I've been reading for years about how small the 916/996/748 feels when you sit
on it and I to be honest it didn't seem that way to me at all. I think people
think this because the 996's riding position is so extreme and forward-biased
that you really don't have much motorcycle in front of you; it's all out back.
It's almost as if you're on a ocean liner where the wheelhouse was moved to the
front of the bow (where you're king of the world) as opposed to the usual
position further back.
I'm exaggerating a bit (a first), but there is no question that the ergonomics
of this bike are a tool to help get some of the machine's weight bias up front
where it belongs. Your wrists bear the burden of this forward cant, and the pegs
and seat are quite high which let's you know this is a take-no-prisoners
Because of this, the Biposto is a bike that will make you curse straight
stretches of highway (which isn't necessarily a bad thing). The tall first gear
and limited steering lock also drives home the point that this ain't no city
bike. Paradoxically, the Biposto's glorious 996cc liquid-cooled 90-degree V-twin
is the model of civility in the flat, stop and go world of urban warfare. It
makes smooth, tractable power from as low as 3,000 RPM to just shy of its 10,000
RPM (unindicated) redline.
But enough of this congested roadway crap. Few race tracks resemble your average
turnpike, and therefore the 996 will discipline you physically if you spend to
much time away from the tasty, curvaceous pavement it likes to call home. Once
into the bendy bits, this gorgeous Ducati reveals its mission in life, although
not without showing you a different way of doing things. The extreme riding
position combines with surprisingly slow steering to make the bike feel awkward
at first, but this impression quickly passes once you start learning how to make
these components work for you instead of against you. The fully adjustable Showa
suspension delivers a stiff ride until you get going fast enough to make things
work, and then all is control and composure as you rocket around bumpy corners
and transitions. The top-drawer Brembos do the business on the stopping front,
and while the front four-piston stoppers offer great feel and power the rear is
a trifle woody and tricky to modulate.
And, too, enough of this slowing-down stuff; let's talk motor. As much as I was
impressed with the 996's chassis, it's those big, angry pistons that make this
legendary motorcycle such a moving experience. The two injectors per cylinder
meter out fuel in such a wonderfully controlled way that even though you have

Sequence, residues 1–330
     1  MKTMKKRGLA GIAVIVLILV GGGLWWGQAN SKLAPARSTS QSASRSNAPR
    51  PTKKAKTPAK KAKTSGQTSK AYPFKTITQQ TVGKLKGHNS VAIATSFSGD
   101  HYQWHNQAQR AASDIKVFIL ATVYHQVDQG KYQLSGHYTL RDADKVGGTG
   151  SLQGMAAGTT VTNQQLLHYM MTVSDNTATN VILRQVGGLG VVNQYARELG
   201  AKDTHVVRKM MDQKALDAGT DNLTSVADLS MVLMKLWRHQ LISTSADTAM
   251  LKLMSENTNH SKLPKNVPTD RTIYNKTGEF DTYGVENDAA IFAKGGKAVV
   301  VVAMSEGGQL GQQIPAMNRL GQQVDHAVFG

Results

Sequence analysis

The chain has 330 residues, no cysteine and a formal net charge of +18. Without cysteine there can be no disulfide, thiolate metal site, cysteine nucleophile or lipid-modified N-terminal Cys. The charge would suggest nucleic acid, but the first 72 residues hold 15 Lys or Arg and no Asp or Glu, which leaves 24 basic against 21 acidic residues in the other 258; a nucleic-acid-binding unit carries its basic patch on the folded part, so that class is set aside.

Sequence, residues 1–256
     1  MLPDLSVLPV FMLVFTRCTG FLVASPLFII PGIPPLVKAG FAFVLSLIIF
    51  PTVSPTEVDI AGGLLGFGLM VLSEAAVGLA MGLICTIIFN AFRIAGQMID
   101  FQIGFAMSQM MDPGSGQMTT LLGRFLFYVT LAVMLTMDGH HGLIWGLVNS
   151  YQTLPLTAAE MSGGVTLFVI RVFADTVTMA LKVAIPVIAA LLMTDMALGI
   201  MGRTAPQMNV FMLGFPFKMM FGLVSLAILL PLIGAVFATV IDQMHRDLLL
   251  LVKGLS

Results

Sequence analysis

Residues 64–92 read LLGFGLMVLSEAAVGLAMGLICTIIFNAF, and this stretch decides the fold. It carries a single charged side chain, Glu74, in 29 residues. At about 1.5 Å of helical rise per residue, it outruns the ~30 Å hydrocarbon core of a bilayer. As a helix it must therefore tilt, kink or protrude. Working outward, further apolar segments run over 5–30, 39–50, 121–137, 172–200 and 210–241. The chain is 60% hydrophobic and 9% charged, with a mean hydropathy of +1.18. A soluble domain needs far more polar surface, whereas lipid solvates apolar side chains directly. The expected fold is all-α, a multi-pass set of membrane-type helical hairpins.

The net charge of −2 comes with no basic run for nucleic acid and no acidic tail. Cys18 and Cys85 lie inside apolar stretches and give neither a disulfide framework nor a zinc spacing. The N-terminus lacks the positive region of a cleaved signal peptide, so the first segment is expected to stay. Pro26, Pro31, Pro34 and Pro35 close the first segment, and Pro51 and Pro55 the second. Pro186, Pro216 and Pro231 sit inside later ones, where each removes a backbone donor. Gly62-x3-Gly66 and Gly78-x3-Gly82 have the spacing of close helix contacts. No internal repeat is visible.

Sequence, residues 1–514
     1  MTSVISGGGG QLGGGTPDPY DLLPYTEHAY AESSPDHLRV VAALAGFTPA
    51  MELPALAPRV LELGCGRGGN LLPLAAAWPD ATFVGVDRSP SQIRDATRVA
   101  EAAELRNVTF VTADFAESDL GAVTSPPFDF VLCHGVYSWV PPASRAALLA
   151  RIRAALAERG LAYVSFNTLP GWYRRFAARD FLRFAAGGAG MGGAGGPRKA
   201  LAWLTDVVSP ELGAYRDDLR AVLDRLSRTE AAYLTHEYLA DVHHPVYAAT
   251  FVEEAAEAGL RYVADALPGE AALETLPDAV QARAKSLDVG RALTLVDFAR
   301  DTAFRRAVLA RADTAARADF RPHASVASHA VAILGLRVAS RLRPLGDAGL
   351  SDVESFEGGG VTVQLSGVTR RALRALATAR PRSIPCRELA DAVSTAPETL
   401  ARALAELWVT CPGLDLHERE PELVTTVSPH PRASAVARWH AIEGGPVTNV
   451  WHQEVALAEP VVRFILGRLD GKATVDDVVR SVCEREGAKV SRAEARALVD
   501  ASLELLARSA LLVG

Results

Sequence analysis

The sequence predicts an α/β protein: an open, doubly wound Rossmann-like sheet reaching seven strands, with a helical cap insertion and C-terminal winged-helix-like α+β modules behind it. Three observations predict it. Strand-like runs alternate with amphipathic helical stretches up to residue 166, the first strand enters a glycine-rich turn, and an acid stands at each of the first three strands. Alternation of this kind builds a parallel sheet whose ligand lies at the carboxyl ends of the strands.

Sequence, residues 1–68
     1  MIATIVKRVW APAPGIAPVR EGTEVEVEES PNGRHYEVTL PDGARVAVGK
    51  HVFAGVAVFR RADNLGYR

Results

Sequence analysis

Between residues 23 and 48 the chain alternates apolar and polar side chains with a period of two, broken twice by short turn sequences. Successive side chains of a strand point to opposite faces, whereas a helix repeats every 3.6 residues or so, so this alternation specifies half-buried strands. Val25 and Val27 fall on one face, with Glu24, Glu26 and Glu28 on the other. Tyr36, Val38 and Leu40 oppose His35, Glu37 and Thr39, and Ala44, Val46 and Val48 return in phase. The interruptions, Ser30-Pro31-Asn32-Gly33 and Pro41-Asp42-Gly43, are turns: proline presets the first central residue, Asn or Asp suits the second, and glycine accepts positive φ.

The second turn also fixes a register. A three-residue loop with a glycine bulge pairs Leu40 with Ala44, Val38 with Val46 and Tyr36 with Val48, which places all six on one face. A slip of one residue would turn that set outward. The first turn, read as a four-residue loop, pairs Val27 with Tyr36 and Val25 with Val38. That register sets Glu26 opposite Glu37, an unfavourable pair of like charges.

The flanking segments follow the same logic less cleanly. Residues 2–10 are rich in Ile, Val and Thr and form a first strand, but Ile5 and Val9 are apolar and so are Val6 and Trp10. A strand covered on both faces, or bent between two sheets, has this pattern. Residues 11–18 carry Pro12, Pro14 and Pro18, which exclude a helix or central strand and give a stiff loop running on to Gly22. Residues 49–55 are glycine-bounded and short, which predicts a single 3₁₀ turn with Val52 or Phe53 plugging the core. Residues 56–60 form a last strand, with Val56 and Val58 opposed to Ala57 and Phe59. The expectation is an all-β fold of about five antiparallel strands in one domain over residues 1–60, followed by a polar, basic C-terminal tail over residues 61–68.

tons of torque and horsepower on tap it's always up to you when (and how) it
gets to the massive 190-series Pirelli Dragon behind you. No wild hits or on/off
nastiness takes place when you roll on the throttle coming out of a corner, and
the complex shock linkage helps keep things stable out back when the power comes
on. Even with all that weight up front it's easy to loft the front tire on
corner exit, and if you land off-center a steering damper is there for you.
Gearing is spot-on with shifting that is smooth and precise, although gear
selection is not as critical as some high-performance machines thanks to the
broad spread of good 'ol Italian grunt.
Overall, it's easy to see how years of development on the track has refined this
beast into such a user-friendly mount on so many levels, and a joyous backroad
companion that reinforces what sporting motorcycles are really all about. Even
the aural part of the equation is exquisite fun; a splendid blend of the desmo
valve train, dry clutch and booming exhaust that gets under your skin in the
best way. Then, there's the whole aesthetics/serviceability/build quality thing.
Even after all these years the 996 is still a striking piece of work, and unique
in the Superbike world with its trellis frame, single-sided swingarm and
desmodromic valve actuation. Getting to things to tweak and service as a snap,
as the bodywork comes off quickly and easily and the seat/tail assembly hinges
at the base of the tank for easy access to things.
Fit and finish is top-notch, right down to the
color-matched pillion seat that is a tad too cramped to really promote taxi
After spending quality time on Ducati's world-beater in stock form, it's not
hard to see what these things have been so successful and have a legendary
following. This is a very special machine that rewards the rider with joyous
motion every time you assume the position. Uncomfortable? Yes. Very. Worth it?
absolutely. If I had the money, I think I'd have to own one. In fact, if there's
any rich industrialist out there who wants to make sure Ducati's latest (and
possibly final version) of the 916 pedigree gets a good home where it will be
truly appreciated and looked after, I'm here for you.
Which brings us to an interesting question: when will Ducati grace us with a new
platform for their Superbike, anyway? The rumor mill has been churning over this
issue forever, it seems. It's really hard to say. The bike is still doing the
business on the racing front, as long as there's a rider in the saddle who can
deal with its behavior at the limit. For 2001, the 996 tested here gets a
sealed-for-life battery, silver engine and cam-belt covers, and an Öhlins rear
shock for the Biposto (only the Monoposto had one this year). The price will
increase by $300, which, I'm told, is the first real price increase in quite
And for 2002? As we say around here with nauseating regularity, watch this
By bill heald